Nokia’s suicidal alliance with Microsoft

Much has been written about Nokia’s alliance with Microsoft announced last month. I can understand how Nokia CEO Stephen Elop, an ex-Microsoft employee who until recently was its 7th biggest shareholder, would have made this decision that benefited his former employer, but why did Nokia’s board of directors ever agree to this move?

Under attack from the iPhone and Android, Nokia had to take action, but in my opinion this move is almost the worst possible choice. It will be an unmitigated disaster for Nokia. I am not just thinking of countless development engineers who will undoubtedly be laid off now that Nokia will be buying in Windows Phone 7 (WP7) instead of developing operating system software in-house. No, it’s also a major strategic error for the company as a whole and I’ll explain why.

Nokia used to have a great brand name with consumers. Now Symbian phones have “OBSOLETE!” stamped all over them, but that’s all Nokia will have to sell for at least another year. Who is going to buy those obsolete phones, other than at rock-bottom prices? It will be ugly for Nokia’s cash flow. How on earth does Nokia believe it can still sell 150 million Symbian phones between now and their WP7 models replacing them? They’re dead in the water.

I can’t see that Intel would be pleased about what that all means for their cooperation on MeeGo, if WP7 is the future.

In 2008 Nokia acquired Norwegian company Trolltech, developers of the well-regarded Qt cross-platform application and user interface framework. Licensing to commercial users of Qt will be now be transferred to Digia PLC of Finland. Qt will not be ported to WP7. Only a few months ago Stephen Elop still talked about Qt being the common interface for Symbian and MeeGo. Qt was supposed to be the element that ties together Symbian and MeeGo in the mobile world. With Symbian dead and MeeGo on life support and a categorical “NO!” on Qt on WP7, Qt has no future left on mobile. But what else should one expect from a proprietary software company like Microsoft? They have never been keen on applications being ported from Windows to other operating systems, so they want people to use Microsoft tools only.

Nokia’s name is dirt within their developer community because after the announcement the Symbian ecosystem is dead, whatever Nokia would have us believe. It is also hard to believe that Elop had no plans about WP7 a few months ago, when Nokia still fed developers their Symbian / MeeGo / Qt strategy. Many developers must feel deceived. It will be hard for Nokia to regain their trust.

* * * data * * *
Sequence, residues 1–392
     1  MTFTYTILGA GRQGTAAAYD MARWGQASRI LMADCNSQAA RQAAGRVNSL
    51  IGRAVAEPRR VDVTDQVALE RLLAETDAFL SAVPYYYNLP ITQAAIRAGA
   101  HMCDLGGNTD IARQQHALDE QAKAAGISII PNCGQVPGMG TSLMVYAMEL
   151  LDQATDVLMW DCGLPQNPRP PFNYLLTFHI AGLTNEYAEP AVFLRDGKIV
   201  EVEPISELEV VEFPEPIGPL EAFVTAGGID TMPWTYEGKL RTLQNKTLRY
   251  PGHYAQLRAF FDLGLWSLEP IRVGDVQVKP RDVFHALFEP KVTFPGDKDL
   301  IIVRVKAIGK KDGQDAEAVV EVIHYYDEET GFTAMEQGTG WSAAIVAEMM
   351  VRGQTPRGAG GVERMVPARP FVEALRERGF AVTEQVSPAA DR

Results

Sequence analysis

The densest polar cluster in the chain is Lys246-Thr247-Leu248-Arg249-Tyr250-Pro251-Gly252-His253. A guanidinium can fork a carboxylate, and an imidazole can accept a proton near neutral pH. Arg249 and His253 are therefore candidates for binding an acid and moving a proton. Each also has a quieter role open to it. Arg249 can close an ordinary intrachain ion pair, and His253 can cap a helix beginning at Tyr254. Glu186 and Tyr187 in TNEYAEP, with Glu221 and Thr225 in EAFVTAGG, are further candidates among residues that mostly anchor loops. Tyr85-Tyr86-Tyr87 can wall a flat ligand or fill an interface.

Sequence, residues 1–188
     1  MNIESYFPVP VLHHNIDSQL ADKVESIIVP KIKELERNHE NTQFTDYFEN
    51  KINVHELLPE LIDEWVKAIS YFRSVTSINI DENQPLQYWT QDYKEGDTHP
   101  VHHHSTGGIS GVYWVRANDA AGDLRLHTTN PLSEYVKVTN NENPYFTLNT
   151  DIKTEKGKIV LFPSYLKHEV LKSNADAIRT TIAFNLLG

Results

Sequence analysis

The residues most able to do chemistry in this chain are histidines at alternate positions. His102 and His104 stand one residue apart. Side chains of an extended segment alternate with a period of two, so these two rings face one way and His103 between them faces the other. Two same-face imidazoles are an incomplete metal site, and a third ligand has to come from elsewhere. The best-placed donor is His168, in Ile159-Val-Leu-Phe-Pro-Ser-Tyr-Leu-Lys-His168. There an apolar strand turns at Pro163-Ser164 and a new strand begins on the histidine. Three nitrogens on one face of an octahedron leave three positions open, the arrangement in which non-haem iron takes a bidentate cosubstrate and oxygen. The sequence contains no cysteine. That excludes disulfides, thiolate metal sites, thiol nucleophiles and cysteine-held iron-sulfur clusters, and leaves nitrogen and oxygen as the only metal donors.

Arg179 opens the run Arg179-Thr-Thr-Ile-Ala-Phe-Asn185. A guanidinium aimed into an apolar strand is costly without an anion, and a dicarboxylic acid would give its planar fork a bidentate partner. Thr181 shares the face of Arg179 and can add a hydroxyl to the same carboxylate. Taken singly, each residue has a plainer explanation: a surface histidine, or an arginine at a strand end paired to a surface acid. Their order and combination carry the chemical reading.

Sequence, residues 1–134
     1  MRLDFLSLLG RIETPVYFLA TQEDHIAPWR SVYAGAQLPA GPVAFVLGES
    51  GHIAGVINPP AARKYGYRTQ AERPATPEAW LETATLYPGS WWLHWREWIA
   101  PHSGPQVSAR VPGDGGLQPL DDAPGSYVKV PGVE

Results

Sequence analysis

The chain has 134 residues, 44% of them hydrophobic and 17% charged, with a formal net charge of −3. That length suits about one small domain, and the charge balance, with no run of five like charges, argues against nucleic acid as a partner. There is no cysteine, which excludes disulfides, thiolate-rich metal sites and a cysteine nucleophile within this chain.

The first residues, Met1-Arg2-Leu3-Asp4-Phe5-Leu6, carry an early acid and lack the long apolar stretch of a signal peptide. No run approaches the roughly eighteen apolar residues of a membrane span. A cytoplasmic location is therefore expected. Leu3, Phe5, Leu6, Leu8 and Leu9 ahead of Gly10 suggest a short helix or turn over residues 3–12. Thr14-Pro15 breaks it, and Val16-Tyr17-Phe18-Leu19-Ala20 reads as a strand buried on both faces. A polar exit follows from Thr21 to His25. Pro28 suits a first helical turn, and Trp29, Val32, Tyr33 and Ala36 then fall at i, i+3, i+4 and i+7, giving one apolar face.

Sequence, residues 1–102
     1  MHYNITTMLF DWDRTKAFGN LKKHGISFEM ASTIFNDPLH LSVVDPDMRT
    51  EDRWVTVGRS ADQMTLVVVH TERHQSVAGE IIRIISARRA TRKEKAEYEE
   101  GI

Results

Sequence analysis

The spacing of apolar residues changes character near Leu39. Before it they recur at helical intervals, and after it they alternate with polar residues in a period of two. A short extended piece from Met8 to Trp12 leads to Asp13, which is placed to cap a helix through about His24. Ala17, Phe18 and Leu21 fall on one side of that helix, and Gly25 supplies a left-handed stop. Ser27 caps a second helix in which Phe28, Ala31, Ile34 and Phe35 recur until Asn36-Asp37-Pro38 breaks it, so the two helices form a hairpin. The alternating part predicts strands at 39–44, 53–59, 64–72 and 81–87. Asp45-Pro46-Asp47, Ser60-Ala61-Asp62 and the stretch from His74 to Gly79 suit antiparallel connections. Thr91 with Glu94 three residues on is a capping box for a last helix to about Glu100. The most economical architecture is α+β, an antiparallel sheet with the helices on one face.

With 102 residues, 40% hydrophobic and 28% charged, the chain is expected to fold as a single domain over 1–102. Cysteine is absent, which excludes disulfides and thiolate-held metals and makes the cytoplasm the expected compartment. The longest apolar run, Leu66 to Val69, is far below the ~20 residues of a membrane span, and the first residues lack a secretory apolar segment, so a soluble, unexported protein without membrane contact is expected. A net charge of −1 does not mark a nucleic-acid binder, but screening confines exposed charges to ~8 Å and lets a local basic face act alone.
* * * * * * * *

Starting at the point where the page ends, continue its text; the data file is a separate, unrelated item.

Several hardware makers had worked closely with Microsoft on the previous generation of its phone platform (Windows Mobile), who are now firmly in the Android camp. For example, HTC built the first Microsoft Windows based smartphone in 2002, but released an Android phone in 2008 and shifted the core of its smartphone business to that platform the following year (my Google Ion phone is made by HTC). Though it also offers some WP7 models, the bulk of its smartphone business is now Android.

With Windows Mobile, Microsoft could not translate its dominance on the desktop into traction in the mobile market, so it dumped Windows Mobile, with no compatible upgrade path to WP7. Developers had to rewrite apps from scratch. These early Windows Mobile supporters learned a lesson with Microsoft that Nokia is yet to learn, the hard way: Microsoft always does what’s good for Microsoft, not for its customers or business partners.

Nokia is betting the company on an unproven challenger that is entering the market behind three bigger established competitors (Google, Apple, RIM). Late last year Microsoft boasted ‘sales’ of 1.5 million WP7 phones over a period six weeks. That sounds significant, but what they actually meant by that were phones stuffed into the sales channel, mostly still sitting on shelves at mobile phone stores and not activated phones ringing in the pockets of retail customers. At the same time Google was activating that many Android phones every five days (every 5 1/2 days in the case of the iPhone).

No matter how much market share Nokia will lose over the next few years, whatever market share is left for Nokia with WP7 will still be a gain for Microsoft. And as long as Microsoft still has a steady cash flow from Windows 7 licenses and Microsoft Office it won’t be wiped out by a lukewarm reception for WP7 in the market, which is more than can be said for Nokia.

So why did Nokia make this risky decision? They must have come to the brutal conclusion that the company could not survive long term while still developing their own mobile OSes. Nokia only saw a choice between either switching to Android or to WP7 (or going under).

With Android they would largely have had to compete on the merits of their hardware, as every other Android OEM offers essentially the same software / marketplace “ecosystem”. Nokia didn’t want to compete on price with Asian manufacturers (which, as an aside, is exactly what they’ll have to do with their dead-end Symbian phones for the next year or more, since there will be little new software developed for them now). So if Nokia couldn’t be the top dog amongst Android makers, they could turn the other way and at least take whatever sweeteners they could get from Microsoft, while cutting back their software R&D costs and cutting jobs to weather the storm.

The biggest problem with that strategy in my opinion is that a few years down the road they’ll probably realize that WP7 was a dead end too. Then they’ll still have to make that switch to Android, but having already lost a few years, their good name and a lot of good staff it will be even harder.

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